Andreas Bertilsson: Paramount

Hanna Hartman: Ailanthus

Paramount's cover depiction of fossilized imprints in rock dovetails nicely with the release's ‘topographic' style of environmentally evocative sound sculpting and its temporal rootlessness. Bertilsson's half-hour piece navigates an unpredictable route as it flows through three sections of experimental sound sculpting. Juxtaposing peaceful moments of calm with passages of aggressive intensity, the one-time Son of Clay producer crafts compelling collages where natural sounds intermingle with industrial machine noises, field recordings, and human voices.

“Movement 1 (Plains of the Buffalo)” assembles crashing water sounds, squeaking noises, machine whirrs, seagull cries, whispered voices, and rumbles into a shape-shifting, oft-disturbing collage ( Paramount's production was complicated by severe computer breakdowns as well as by spiritual elements that Bertilsson believes infiltrated the recording process at the countryside house where the recording's final touches were being put into place). In “Movement 2 (Riding the Beast),” moments of silence alternate with organ tones before the onset of an aggressive percussion solo involving cymbals and toms and violent noises. “Movement 3 (A Moth to the Flame)” similarly begins peacefully with tinkling bells and a choir drone but detonates halfway through to end the piece in a writhing firestorm of blistering noise.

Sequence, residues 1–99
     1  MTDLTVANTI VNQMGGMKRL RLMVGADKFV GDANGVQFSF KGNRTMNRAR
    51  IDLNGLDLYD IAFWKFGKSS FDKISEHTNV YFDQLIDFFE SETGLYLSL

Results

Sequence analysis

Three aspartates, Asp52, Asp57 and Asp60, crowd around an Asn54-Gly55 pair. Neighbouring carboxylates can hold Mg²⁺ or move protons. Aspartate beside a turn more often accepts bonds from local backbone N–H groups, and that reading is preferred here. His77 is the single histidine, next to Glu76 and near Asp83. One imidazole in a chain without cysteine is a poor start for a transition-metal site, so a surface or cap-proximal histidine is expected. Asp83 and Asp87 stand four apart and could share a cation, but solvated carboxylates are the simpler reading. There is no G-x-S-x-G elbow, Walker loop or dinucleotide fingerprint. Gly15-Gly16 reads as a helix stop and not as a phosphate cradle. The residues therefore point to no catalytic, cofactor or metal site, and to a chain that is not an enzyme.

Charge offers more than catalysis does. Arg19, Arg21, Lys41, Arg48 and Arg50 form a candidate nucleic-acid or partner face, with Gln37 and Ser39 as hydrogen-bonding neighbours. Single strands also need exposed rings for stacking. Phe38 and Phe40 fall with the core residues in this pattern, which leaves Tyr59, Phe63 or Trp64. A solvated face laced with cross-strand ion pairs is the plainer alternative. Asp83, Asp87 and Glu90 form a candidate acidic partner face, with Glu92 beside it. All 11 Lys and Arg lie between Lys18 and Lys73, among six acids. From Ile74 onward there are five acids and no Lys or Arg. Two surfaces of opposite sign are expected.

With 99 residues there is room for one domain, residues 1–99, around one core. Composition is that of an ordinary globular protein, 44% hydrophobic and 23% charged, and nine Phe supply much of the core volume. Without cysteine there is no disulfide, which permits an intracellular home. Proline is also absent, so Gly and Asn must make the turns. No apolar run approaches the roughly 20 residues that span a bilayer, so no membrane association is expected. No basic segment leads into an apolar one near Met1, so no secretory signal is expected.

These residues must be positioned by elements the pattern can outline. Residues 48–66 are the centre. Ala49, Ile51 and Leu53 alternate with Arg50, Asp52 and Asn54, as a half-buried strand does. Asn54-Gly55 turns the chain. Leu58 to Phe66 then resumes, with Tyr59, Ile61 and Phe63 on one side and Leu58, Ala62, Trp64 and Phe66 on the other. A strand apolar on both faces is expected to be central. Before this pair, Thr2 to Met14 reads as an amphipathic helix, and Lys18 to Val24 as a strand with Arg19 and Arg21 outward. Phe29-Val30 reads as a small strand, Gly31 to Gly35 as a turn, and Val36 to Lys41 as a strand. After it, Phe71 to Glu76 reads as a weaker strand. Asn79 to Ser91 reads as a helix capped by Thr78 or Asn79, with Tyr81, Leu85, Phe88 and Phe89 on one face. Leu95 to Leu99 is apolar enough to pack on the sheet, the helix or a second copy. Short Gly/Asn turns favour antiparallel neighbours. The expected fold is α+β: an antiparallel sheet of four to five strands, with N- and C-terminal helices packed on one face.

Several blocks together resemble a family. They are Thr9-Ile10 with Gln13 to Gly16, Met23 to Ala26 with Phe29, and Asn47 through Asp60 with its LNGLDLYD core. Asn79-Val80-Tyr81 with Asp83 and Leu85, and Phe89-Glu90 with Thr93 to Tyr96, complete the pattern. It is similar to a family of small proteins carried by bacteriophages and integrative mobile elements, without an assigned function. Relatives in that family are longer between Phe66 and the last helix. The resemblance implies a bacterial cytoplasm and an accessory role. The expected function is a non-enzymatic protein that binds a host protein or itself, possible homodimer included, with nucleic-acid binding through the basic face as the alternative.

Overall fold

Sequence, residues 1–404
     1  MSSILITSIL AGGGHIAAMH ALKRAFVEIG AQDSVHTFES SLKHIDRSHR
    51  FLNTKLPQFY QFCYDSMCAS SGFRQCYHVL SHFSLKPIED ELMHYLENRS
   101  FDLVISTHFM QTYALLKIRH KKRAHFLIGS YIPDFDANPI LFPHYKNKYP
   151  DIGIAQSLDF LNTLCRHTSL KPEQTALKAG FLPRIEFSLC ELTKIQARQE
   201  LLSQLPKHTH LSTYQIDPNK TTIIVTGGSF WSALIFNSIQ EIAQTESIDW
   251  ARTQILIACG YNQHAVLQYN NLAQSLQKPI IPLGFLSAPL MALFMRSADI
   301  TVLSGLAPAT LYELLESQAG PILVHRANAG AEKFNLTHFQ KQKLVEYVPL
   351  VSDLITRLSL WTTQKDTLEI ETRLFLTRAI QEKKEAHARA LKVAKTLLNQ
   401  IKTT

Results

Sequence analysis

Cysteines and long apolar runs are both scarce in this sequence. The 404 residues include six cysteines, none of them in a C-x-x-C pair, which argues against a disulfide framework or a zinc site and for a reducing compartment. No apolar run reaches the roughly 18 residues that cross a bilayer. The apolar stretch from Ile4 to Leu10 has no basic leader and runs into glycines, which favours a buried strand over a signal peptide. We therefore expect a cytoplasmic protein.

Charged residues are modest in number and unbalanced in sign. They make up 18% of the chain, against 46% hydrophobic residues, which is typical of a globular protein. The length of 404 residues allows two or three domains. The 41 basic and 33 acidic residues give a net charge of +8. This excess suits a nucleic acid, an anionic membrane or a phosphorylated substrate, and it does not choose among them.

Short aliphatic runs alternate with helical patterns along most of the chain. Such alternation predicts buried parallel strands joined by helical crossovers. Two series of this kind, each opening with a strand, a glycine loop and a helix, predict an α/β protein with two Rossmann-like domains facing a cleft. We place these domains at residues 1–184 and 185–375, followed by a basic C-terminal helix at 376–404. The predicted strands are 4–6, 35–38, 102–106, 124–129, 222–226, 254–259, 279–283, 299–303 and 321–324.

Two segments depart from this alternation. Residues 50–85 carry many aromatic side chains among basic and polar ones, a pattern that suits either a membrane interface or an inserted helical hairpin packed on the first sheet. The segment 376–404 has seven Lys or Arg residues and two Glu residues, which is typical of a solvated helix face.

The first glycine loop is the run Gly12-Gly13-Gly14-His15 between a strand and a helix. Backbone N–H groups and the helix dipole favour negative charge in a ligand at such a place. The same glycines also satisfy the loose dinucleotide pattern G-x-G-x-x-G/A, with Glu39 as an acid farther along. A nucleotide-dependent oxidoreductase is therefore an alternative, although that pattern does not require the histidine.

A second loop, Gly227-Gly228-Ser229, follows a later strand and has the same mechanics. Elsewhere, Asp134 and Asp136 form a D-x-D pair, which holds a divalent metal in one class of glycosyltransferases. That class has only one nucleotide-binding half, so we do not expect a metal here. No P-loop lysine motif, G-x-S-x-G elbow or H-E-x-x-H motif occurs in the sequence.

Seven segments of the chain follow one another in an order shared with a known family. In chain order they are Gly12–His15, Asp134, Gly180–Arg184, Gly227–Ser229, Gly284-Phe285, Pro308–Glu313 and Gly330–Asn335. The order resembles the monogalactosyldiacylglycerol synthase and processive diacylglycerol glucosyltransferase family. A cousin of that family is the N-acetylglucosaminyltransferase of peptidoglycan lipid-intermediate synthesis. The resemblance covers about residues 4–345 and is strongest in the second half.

Created from sounds she has recorded around the world, Swedish sound artist Hanna Hartman's compositions are as extraordinary and as personalized as Bertilsson's. She too boldly displaces sounds from their original contexts and establishes newly meaningful connections by conjoining those sounds to others. Her latest release, Ailanthus (the term refers to a genus of trees also known as ‘poverty trees'), collects four shorter pieces composed during 2003-2006. Awarded several prizes including the prestigious Karl Sczuka Prize in 2005, “Att fälla grova träd är förknippat med risker” (“To fell trees is attended with risks”) alternates prolonged moments of silence with loud eating sounds, shouts, bowed string scrapes, and bird chirps. With its spotlight on breathy voice patterns, buzzing insects, deep-throated animal groans, and vocal chant, “Wespen Vesper” emphasizes utterance of human and non-human origin, while “Plåtmås” shifts the focus to the clatter and roar of percussion. “Musik för dansstycket jag glömmer bort” introduces a rhythmic dance dimension that's absent in the other three settings, though the piece's sonic mix—groans, tears, creaks, wipes, bird caws, and string strums—retains Hartman's remarkable signature.

June 2007